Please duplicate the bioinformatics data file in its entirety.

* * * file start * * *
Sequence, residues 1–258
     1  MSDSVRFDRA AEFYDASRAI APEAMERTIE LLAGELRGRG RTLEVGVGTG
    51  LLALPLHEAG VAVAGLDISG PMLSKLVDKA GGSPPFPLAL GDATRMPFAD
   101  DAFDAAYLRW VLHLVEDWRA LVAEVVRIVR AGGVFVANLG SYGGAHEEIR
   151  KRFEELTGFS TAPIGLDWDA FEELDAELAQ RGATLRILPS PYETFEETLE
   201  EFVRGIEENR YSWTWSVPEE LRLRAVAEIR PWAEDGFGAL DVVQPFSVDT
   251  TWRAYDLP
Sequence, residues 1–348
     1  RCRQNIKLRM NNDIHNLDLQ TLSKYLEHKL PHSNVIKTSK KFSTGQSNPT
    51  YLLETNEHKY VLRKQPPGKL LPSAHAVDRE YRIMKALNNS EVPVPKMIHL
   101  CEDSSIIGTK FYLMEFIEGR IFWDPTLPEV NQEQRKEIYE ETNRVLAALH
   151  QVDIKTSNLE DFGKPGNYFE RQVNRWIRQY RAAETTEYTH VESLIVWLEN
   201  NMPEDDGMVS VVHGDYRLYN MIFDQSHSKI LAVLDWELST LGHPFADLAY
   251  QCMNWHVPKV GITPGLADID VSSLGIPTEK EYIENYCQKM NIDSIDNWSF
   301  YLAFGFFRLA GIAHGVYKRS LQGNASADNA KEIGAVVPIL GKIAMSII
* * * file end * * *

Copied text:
Sequence, residues 1–258
     1  MSDSVRFDRA AEFYDASRAI APEAMERTIE LLAGELRGRG RTLEVGVGTG
    51  LLALPLHEAG VAVAGLDISG PMLSKLVDKA GGSPPFPLAL GDATRMPFAD
   101  DAFDAAYLRW VLHLVEDWRA LVAEVVRIVR AGGVFVANLG SYGGAHEEIR
   151  KRFEELTGFS TAPIGLDWDA FEELDAELAQ RGATLRILPS PYETFEETLE
   201  EFVRGIEENR YSWTWSVPEE LRLRAVAEIR PWAEDGFGAL DVVQPFSVDT
   251  TWRAYDLP
Sequence, residues 1–348
     1  RCRQNIKLRM NNDIHNLDLQ TLSKYLEHKL PHSNVIKTSK KFSTGQSNPT
    51  YLLETNEHKY VLRKQPPGKL LPSAHAVDRE YRIMKALNNS EVPVPKMIHL
   101  CEDSSIIGTK FYLMEFIEGR IFWDPTLPEV NQEQRKEIYE ETNRVLAALH
   151  QVDIKTSNLE DFGKPGNYFE RQVNRWIRQY RAAETTEYTH VESLIVWLEN
   201  NMPEDDGMVS VVHGDYRLYN MIFDQSHSKI LAVLDWELST LGHPFADLAY
   251  QCMNWHVPKV GITPGLADID VSSLGIPTEK EYIENYCQKM NIDSIDNWSF
   301  YLAFGFFRLA GIAHGVYKRS LQGNASADNA KEIGAVVPIL GKIAMSII